Monday, Nov. 26, 94. Dressed and went to breakfast, a little late. Will came home with me. Got a group picture and took them home with him. I went to Shorthand class about half dressed. Came home. Pounded Clara around. Went to type writing. Lion started to walk home with me and I knew I would meet Will and I didn't know what in the duce* to do for he would be angry if he would see me with him and as luck would have it we met Clara and she ask me to go back to the store with her. That was only an excuse to get me away from him for we walked back down around East Hall and up home. Went to Elocution. To dinner. Oh my such fun. The boys came home with us. Will and I took a walk as usual. He flirted with some girl but then I told him to just for fun. We acted simply terrible on the street. But I didn't care. Came back. He came in and stayed till one when he had to go to Latin. He was so sweet I didn't want him to go. We saw Lion coming up the street and supposed he was coming to see me so I hid in the bed room and he came in. Stayed a little while. Ask for me. Clara told him I was visiting and would not be home till recital time so he left a picture for me and a note. "Ge" how I do dislike him. I wish he would let me alone. Went to classes. Moss came home from Shorthand class with me. Ask me to go to the Opera Tuesday night but declined. He walked down to the dining hall with me. The boys came home with us. Stayed till Clara told them we were going away. Fred got mad at Clara and went home. We went down town to meet Mr. Gosset, Clara's old fellow. Ge how we did bluff* Fred and Will. We told them we were going to spend the evening with one of the girls down town. Came home. I went to bed and left Clara to chat with Gosset. Will was so sweet it was a shame for me to let him suspicion that we were going to meet some boys. "Ge" such girls.*Duce: Nadine's spelling of "deuce". According to the Online Etymology Dictionary:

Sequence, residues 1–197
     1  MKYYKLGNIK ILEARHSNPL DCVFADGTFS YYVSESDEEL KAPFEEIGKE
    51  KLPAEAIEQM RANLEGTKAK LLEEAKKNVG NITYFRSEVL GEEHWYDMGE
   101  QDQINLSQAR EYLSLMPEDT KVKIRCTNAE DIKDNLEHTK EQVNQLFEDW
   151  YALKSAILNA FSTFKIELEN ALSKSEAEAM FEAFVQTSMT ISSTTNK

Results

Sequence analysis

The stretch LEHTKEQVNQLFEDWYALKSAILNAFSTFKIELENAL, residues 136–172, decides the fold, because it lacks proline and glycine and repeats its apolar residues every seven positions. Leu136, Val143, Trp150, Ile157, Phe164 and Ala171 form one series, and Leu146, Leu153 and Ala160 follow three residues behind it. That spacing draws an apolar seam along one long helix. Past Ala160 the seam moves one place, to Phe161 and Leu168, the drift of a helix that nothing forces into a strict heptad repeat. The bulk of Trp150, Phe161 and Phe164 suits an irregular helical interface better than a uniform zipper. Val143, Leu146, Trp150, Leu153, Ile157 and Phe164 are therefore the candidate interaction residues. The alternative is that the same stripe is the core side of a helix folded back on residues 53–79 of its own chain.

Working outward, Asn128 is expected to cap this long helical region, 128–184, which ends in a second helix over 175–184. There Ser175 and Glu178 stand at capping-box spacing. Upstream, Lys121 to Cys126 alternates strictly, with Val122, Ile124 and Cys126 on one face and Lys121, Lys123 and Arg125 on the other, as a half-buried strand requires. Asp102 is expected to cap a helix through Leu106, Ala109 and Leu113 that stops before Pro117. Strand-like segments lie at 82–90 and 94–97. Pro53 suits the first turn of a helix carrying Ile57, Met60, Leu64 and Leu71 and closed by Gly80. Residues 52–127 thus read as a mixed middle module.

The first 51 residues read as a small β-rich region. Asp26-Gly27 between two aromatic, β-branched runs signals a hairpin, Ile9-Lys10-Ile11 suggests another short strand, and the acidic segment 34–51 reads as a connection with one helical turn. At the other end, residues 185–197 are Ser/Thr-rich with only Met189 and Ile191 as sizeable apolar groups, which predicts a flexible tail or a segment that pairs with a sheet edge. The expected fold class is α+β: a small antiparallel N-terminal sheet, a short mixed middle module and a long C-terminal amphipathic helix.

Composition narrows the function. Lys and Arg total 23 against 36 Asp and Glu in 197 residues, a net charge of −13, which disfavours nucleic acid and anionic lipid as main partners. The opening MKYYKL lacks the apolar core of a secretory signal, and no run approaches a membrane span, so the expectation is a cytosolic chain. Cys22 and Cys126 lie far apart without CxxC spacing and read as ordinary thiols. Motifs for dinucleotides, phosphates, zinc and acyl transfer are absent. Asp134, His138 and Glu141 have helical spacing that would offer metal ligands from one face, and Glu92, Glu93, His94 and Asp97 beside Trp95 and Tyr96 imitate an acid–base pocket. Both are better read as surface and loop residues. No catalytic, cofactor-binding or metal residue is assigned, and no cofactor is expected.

late 15c., "the 2 in dice or cards," also "a roll of 2 in dice" (1510s), from M.Fr. deus (Mod.Fr. deux (nom. duo) "two". Became a mild oath by 1710, about 50 years after it was first attested in the sence of "bad luck, the devil, etc.," perhaps because two was the lowest score, and probably by similarity to L. deus and related words meaning "god." Low German had der daus! in the same sence 16c., which perhaps influenced the English form.*Bluff: from the same source.
1839, American English, poker term, perhaps from Du. bluffen "to brag, boast," or verbluffen "to baffle, mislead." An identical word meant "blindfold, hoodwink" in 1670s but the sense evolution and connection are unclear; OED call it "one of the numerous cant terms... which arose between the Restoration and the reign of Queen Anne." Extended or figurative sense by 1854.